Solid Waste & Recycling

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Niagara Falls and Rises

Food wastes may be composted in a variety of ways. Because of the great potential for process upset, many food composting approaches tend to be technologically more sophisticated than those for, say, for leaf-and-yard waste.


Food wastes may be composted in a variety of ways. Because of the great potential for process upset, many food composting approaches tend to be technologically more sophisticated than those for, say, for leaf-and-yard waste.

Composting is process driven — that is, certain parameters are manipulated to develop an optimal environment and to speed up the process. The more technologically sophisticated processes tend to focus on enhancing air exchange (into the composting pile and removal from the pile for treatment). Many of these systems work very well but come at a relatively high cost.

Windrow composting of food wastes is sometimes overlooked as a possible solution. The “safety net” of a composting vessel (to optimize aeration) and odour abatement infrastructure (such as biofilters) are absent. However, if the process is driven properly, composting can take place in an acceptable fashion.

To help meet its waste diversion goals (60 per cent by 2005 and 65 per cent by 2012), the Region of Niagara inaugurated weekly curbside source-separated organics (SSO) collection for its roughly 150,000 urban households beginning on April 1, 2004. Eighty per cent of the expected 24,000 annual tonnes of SSO is to be received and composted at the Port Colborne Elm Street windrow composting facility.

Windrow composting in Port Colborne

The compost facility is owned by the Region of Niagara and has been managed and operated by Compost Management of Elora since its inception. The company’s relationship with the Region is essentially that of tenant. The facility operator generates revenues by charging tipping fees for most incoming wastes and through the sale of finished compost products.

The Elm Street composting facility opened in 1990 as a leaf-and-yard waste composting facility. In 1993 the facility expanded and a one acre asphalt pad was constructed. The facility began to accept a wider range of organic wastes from the IC&I sector including paper mill wastes, commercial food wastes, fish residues, corn and flour processing wastes, and sludges from a chicken-processing facility. Total waste receipts in that first year were less than 2,000 tonnes.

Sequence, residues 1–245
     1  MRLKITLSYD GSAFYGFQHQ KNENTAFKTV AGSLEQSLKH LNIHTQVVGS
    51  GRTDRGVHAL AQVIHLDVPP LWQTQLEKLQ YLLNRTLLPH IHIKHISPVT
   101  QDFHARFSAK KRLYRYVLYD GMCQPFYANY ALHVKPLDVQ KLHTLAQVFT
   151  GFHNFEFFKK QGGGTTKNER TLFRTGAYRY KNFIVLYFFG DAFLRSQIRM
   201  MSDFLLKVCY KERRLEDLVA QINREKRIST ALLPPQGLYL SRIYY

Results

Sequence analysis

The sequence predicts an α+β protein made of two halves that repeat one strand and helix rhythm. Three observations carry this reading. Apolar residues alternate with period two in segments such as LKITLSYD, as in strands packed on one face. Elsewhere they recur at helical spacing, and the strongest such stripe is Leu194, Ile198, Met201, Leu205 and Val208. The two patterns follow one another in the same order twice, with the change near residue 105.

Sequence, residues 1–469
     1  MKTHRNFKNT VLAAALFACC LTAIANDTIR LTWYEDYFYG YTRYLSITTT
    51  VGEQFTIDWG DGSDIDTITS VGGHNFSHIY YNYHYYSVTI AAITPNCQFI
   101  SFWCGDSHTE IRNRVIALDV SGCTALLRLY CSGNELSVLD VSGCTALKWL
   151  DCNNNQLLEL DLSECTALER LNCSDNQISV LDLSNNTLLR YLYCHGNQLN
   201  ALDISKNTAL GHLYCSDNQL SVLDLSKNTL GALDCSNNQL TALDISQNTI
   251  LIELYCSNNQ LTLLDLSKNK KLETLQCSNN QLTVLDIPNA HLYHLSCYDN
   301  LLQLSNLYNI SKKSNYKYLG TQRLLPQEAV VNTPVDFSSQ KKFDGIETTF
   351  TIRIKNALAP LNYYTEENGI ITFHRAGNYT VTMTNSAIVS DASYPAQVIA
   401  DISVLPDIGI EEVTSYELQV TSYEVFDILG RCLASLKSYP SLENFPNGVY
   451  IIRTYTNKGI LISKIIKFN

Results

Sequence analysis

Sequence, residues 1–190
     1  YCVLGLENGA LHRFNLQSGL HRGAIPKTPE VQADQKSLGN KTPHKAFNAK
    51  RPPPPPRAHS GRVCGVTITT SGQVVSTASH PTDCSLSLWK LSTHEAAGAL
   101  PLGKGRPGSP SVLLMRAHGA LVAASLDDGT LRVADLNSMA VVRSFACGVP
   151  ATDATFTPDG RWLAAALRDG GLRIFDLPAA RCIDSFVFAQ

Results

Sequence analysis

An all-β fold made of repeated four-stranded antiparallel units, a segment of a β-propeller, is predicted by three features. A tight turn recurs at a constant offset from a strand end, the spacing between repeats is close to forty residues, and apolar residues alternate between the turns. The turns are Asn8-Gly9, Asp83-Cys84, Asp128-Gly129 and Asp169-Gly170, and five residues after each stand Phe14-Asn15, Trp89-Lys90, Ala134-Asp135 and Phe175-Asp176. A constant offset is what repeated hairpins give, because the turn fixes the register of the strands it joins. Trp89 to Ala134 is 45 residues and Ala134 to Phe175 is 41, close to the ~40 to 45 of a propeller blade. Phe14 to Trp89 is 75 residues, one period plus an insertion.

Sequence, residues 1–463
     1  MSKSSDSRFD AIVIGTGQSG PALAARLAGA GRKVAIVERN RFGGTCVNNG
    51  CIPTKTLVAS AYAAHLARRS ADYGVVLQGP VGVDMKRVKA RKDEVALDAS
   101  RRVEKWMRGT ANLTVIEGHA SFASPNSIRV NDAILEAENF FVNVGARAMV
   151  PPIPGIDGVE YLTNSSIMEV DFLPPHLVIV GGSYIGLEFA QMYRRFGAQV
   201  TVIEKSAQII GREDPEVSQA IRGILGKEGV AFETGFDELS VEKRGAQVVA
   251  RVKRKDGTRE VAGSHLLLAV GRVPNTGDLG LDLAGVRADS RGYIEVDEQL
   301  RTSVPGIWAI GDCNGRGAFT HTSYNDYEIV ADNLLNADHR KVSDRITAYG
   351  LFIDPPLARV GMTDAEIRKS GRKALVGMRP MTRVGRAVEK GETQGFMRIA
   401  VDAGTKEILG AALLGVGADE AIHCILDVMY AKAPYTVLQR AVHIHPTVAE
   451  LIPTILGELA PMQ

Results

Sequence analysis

The operation grew rapidly with incoming tonnages exceeding 10,000 tonnes per year (tpy) in 1999, then 20,000 tpy in 2000, and close to 40,000 tpy in 2003. This is expected to grow further in 2004. Over the years capital improvements to expand space for composting has been provided by the facility operators and more recently by the Region itself. Today, the facility consists of some 3 hectares (7.3 acres) of asphalt composting area, and a further 2.4 hectares (6 acres) of granular area for related product storage.

The adjacent landfill site continues to operate, and the entire property is located adjacent to an industrial park in Port Colborne. Residential subdivisions are not far away, and are directly downwind.

SSO processing and challenges

The Region made the decision to collect all of its curbside organic material in a combination of transparent plastic bags and hardwall plastic containers, leaving residents to choose the combination that works best for them.

After considerable testing and experimentation using a variety of different machines, methods were developed to fully separate the plastic bags from the organic materials, enabling the production of finished compost products that are completely plastic free. It was anticipated that the receipt of SSO in plastic bags would be the biggest startup challenge; yet it turned out that odour became a much more significant issue.